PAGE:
4. Thomas H. Tompkins was an accountant employed by MBS, beginning in January 1975, who prepared tax returns and performed managerial services on behalf of Harry V. Mohney and MBS's client businesses.

5. Elizabeth L. Scribner was an employee of MBS and its incorporator and performed managerial services on behalf of Harry V. Mohney and MBS's client businesses.

6. Lee J. Klein was an attorney licensed by the state of Michigan with offices on the premises of MBS who performed legal services on behalf of Harry V. Mohney and MBS's client businesses.

 
THE OFFENSE

Beginning on or about November 1, 1973, the exact date being unknown to the Grand Jury, and continuing to the present time, within the Eastern District of Michigan, Southern Division, and elsewhere, Harry V. Mohney, Elizabeth L. Scribner, Thomas H. Tompkins, and Lee J. Klein, hereinafter called defendants, together with others known and unknown to the Grand Jury, did unlawfully, knowingly, and willingly conspire, combine, confederate, and agree together and with each other to defraud the United States of America by impeding, impairing, obstructing, and defeating the lawful governmental functions of the Internal Revenue Service of the Treasury Department of the United States in the ascertainment, computation, assessment, and collection of the revenue, to wit: the concealment of the true sources, amounts, and disposition of income received by particular persons and entities in the adult oriented sexually explicit entertainment business.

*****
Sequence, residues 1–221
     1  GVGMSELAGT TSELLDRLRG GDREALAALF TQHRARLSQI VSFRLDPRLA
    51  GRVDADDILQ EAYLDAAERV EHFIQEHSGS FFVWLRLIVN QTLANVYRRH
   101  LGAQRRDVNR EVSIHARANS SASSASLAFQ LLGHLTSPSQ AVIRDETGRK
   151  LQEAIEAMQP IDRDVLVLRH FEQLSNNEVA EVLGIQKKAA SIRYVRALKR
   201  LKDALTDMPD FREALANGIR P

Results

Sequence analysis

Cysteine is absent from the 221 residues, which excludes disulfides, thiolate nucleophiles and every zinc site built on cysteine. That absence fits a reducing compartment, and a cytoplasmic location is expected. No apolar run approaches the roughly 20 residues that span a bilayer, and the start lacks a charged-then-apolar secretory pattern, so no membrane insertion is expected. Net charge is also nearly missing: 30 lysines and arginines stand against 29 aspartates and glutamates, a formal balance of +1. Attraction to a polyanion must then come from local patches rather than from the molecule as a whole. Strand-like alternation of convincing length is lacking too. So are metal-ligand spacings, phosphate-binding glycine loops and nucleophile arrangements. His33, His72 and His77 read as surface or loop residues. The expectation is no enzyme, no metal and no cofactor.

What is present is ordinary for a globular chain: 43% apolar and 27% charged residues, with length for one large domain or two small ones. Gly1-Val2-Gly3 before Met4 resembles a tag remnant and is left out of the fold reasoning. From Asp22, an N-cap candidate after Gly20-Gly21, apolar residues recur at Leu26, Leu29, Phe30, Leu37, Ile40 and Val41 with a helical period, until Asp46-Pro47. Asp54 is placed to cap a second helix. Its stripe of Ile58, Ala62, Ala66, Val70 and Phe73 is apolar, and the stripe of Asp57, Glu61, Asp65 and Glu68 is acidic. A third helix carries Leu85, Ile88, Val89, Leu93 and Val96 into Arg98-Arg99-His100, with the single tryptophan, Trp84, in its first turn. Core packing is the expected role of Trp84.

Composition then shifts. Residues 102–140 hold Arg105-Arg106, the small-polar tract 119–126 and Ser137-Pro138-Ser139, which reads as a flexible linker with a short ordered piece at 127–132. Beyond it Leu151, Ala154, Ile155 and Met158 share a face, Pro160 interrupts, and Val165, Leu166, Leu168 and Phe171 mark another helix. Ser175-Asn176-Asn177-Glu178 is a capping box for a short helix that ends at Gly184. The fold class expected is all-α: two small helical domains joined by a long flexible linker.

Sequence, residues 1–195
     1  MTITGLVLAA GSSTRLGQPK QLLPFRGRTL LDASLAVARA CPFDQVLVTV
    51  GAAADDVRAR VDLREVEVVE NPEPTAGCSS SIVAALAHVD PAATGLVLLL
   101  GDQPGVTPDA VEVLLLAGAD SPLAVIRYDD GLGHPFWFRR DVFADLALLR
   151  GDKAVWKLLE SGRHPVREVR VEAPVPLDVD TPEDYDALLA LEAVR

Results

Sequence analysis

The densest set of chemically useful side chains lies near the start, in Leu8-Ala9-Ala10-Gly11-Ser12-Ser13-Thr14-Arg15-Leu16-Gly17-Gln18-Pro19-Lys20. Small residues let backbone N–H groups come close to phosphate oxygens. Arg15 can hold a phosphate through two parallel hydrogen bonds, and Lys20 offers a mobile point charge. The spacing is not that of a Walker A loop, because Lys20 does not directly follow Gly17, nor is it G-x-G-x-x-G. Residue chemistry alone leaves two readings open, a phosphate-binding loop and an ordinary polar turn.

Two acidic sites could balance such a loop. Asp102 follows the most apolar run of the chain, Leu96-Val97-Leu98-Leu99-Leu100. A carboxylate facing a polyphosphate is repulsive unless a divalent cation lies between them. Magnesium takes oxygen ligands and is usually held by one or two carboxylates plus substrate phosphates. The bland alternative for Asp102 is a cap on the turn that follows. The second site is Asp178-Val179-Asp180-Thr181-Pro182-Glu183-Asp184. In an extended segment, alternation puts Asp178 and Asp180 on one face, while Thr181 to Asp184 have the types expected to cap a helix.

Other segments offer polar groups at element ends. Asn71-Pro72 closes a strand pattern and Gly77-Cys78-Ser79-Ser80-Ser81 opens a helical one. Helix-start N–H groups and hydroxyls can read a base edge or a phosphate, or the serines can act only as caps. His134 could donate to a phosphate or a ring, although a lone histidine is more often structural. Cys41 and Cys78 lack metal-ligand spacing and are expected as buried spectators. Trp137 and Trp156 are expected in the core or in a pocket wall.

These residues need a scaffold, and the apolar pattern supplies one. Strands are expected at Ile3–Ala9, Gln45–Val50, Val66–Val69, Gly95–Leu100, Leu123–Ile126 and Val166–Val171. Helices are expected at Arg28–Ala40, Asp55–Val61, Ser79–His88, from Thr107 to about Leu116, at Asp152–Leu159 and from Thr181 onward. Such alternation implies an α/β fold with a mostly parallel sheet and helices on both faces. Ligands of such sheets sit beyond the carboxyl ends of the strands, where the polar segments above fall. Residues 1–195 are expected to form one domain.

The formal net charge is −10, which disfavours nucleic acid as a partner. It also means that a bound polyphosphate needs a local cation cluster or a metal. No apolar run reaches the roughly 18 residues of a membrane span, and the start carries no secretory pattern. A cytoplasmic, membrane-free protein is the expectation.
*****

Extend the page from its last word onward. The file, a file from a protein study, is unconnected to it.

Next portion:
OBJECT OF THE CONSPIRACY

The object of the conspiracy was to defraud the United States by concealing the true ownership and control of particular adult oriented sexually explicit entertainment businesses, for the purpose of concealing the sources of funds used to acquire and expand those businesses, their sources of supply and their customers, and the amount and disposition of their income. As a result, verification by the Internal Revenue Service of the true income and expenses required to be reported by particular persons and entities was hindered, impeded, and impaired.

 
MEANS AND METHODS

The said unlawful combination, conspiracy, confederation, and agreement was to be accomplished by the following means and methods: